The secret technical codeword that cognitive scientists use to mean "rational". Bayesian probability theory is the math of epistemic rationality, Bayesian decision theory is the math of instrumental rationality. Right up there with cognitive bias as an absolutely fundamental concept on Less Wrong.
Classical statistics is a bucket of assorted methods; different "methods" may give different answers for whether, e.g., an experimental result is "statistically significant". In contrast, as the famous Bayesian E. T. Jaynes emphasized, probability theory is math and its results are theorems, every theorem consistent with every other theorem; you cannot get two different results by doing the derivation two different ways.
So is the project of rationality solved? Indeed not. First, probability theory and decision theory are often too computationally expensive to run in practice - it wouldn't take a galaxy-sized computer, so much as an unphysical computer (much larger than the known universe). And second, it's not always clear how the math applies - even in theory, let alone the practice.
But we do know that violations of Bayesianism - even "unavoidable" violations due to lack of computing power - carry with a price; a family of theorems demonstrates that anyone who does not choose according to consistent probabilities can be made to accept combinations of bets that are sure losses, or reject bets that are sure wins (the Dutch Book arguments); similarly, Cox's Theorem and its extensions show that anyone who obeys various "common-sensical" constraints on their betting probabilities must be representable in standard probability theory.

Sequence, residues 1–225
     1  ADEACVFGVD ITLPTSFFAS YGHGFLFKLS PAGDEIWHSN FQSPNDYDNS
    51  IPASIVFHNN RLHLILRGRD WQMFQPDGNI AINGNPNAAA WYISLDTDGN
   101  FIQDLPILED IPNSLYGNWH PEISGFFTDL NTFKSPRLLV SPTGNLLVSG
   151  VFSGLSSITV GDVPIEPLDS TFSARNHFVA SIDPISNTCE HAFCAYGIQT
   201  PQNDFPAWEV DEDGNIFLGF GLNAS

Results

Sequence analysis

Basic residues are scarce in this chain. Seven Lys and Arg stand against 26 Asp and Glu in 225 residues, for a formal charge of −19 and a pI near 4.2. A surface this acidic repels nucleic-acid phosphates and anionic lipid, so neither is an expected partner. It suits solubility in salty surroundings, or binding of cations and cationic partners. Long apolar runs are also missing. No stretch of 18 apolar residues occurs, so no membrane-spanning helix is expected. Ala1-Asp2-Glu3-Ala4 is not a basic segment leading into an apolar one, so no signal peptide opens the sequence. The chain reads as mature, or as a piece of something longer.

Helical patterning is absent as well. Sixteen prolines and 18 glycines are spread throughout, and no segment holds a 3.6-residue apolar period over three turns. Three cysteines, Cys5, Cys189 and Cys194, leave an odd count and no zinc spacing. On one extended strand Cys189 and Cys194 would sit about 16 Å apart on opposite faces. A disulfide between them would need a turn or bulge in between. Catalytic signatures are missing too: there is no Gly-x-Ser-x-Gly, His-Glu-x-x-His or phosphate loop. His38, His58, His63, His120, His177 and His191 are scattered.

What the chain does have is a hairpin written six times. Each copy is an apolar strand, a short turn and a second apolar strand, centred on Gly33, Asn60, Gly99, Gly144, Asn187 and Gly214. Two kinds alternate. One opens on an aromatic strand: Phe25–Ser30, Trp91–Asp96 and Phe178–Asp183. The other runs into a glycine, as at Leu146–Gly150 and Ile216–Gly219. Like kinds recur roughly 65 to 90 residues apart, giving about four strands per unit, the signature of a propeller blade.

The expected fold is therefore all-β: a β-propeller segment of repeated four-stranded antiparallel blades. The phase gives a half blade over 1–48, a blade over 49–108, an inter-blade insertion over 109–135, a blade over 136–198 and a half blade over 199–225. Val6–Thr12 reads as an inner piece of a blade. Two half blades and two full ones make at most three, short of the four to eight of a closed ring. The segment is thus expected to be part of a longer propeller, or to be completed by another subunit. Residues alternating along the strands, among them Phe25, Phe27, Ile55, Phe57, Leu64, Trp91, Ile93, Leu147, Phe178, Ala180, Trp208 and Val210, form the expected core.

In other words, Bayesianism isn't just a good idea - it's the law, and if you violate it, you'll pay some kind of price.
When cognitive psychologists identify a cognitive bias, they know it's an error by comparison to the Bayesian gold standard.
(Needs to be fleshed out.) For introductions see probability theory and decision theory, and this introduction to Bayes's Theorem. A widely lauded technical book on this subject is E. T. Jaynes's "Probability Theory: The Logic of Science".
"Bayesian" in philosophical usage often describes someone who adheres to the Bayesian interpretation of probability, viewing probability as a level of certainty in a potential outcome or idea. This is in contrast to a frequentist who views probability as a representation of how frequently a particular outcome will occur over any number of trials.
The term "Bayesian" may also refer to an ideal rational agent implementing precise, perfect Bayesian probability theory and decision theory (see, for example, Aumann's agreement theorem).
- Beautiful Probability, Trust in Math, and Trust in Bayes
- Probability is in the mind, Probability is subjectively objective, and Qualitatively Confused
- The Second Law of Thermodynamics, and Engines of Cognition, Perpetual Motion Beliefs and Searching for Bayes-structure
- My Bayesian Enlightenment
- A Priori
- Priors as Mathematical Objects
- No one can exempt you from rationality's laws
- Terminal Values and Instrumental Values
- Lawful uncertainty
- Circular altruism
- Newcomb's Problem and Regret of Rationality
- When (not) to use probabilities
- That Alien Message
- Changing the definition of Science